Buildings and Cities
LED Lighting (Household)
The origin of LEDs (light emitting diodes) dates back to the 1874 invention of the diode—a crystal semiconductor. Under certain conditions, diodes emit light. In 1994, three Japanese scientists invented high-brightness LED bulbs, for which they were awarded the Nobel Prize in Physics in 2014.
LEDs work like solar panels in reverse, converting electrons to photons instead of the other way around. They use 90 percent less energy than incandescent bulbs for the same amount of light, and half as much as compact fluorescents, without toxic mercury. By transferring most of their energy use into creating light—rather than heat, like older technologies—LEDs reduce electricity consumption and air-conditioning loads.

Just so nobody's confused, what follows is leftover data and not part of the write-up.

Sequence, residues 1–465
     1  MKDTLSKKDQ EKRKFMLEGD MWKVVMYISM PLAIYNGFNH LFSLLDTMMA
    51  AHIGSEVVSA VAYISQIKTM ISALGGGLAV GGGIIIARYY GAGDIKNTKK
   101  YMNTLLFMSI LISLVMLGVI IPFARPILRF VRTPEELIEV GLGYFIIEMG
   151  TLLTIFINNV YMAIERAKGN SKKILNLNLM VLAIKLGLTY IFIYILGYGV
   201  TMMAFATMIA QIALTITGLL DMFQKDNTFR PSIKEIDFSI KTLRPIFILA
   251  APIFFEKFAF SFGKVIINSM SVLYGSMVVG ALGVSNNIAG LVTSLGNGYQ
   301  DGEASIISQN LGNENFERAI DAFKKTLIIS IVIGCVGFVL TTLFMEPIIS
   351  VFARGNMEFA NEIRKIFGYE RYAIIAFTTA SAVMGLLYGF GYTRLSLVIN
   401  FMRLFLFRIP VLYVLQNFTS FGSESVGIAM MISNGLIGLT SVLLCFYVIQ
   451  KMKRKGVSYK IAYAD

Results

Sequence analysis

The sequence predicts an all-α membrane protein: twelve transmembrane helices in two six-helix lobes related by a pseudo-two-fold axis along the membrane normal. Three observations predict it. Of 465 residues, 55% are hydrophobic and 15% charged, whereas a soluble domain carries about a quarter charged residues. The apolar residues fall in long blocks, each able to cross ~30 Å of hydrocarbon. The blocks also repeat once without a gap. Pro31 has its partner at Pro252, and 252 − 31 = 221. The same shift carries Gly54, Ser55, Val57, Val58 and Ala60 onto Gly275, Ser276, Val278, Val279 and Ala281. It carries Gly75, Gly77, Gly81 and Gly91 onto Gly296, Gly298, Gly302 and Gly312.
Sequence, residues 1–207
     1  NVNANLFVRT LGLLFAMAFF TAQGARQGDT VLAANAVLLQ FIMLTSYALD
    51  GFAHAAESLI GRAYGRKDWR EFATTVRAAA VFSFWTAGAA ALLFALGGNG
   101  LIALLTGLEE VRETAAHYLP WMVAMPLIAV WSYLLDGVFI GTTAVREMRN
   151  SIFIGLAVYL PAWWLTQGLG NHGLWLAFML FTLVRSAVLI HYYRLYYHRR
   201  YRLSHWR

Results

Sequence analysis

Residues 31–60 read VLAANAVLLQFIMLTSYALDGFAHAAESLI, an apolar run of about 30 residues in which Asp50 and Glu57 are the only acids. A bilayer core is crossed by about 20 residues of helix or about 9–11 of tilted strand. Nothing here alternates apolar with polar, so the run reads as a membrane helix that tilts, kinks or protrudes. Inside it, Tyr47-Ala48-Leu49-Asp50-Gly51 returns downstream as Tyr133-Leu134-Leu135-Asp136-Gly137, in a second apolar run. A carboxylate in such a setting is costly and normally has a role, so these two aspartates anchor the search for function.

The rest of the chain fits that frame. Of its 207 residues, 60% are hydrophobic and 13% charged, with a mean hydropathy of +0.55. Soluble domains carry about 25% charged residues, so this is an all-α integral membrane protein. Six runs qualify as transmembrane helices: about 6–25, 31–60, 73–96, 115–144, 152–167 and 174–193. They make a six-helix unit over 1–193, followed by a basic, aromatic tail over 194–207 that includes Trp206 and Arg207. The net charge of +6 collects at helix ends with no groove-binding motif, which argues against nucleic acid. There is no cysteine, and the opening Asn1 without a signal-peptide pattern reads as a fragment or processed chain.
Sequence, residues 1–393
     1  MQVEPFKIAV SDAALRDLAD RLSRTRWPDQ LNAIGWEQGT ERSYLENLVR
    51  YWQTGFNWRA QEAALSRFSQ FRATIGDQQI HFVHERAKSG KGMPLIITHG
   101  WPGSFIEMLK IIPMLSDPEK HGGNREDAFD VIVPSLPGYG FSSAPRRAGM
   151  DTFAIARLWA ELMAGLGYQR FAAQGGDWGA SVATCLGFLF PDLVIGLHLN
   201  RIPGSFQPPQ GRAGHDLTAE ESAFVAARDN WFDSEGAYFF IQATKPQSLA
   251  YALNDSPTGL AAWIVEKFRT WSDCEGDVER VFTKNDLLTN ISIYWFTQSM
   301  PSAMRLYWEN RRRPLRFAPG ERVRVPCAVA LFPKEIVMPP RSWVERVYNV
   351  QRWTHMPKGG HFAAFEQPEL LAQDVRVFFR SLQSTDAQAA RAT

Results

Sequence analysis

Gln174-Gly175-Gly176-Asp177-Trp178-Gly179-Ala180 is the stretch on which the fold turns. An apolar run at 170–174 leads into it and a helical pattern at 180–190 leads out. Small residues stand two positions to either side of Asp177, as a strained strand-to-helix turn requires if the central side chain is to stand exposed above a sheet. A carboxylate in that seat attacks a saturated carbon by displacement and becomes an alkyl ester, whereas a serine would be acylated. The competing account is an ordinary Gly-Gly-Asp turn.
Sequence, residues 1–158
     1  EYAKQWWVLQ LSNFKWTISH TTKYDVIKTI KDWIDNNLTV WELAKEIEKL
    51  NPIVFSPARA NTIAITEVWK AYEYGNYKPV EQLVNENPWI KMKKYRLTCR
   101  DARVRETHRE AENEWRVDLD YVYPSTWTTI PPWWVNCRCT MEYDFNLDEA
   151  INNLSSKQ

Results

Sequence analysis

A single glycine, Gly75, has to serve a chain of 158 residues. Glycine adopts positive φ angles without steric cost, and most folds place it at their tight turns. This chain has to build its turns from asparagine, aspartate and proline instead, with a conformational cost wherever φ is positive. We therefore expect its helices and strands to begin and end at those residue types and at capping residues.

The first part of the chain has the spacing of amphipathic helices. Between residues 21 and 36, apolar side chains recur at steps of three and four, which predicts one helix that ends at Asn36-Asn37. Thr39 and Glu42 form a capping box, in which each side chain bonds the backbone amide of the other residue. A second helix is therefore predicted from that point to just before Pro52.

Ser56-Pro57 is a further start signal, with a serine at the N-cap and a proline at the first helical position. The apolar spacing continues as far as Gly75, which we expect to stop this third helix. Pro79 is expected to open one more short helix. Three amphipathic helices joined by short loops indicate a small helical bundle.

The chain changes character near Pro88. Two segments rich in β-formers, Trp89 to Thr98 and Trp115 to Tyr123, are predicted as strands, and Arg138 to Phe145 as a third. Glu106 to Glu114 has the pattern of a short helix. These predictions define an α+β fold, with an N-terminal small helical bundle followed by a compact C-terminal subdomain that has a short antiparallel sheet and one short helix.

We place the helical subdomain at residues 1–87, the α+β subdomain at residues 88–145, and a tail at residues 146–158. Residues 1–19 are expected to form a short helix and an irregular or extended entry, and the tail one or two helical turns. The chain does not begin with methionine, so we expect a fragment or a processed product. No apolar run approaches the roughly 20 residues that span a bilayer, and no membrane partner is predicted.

The price (per watt equivalent) for LEDs is two to three times higher than incandescents or floursescents, but falling rapidly. And an LED bulb will last much longer than either other type. Still, upfront cost remains an obstacle for household adoption.
When the sun sets, more than a billion people live in the dark. Low energy use means LEDs can be powered with small solar cells. Solar-LED lights can replace expensive kerosene lamps and their noxious fumes and emissions, while addressing the problem of light poverty.
Technical summaries for each solution will be available May 1, 2017.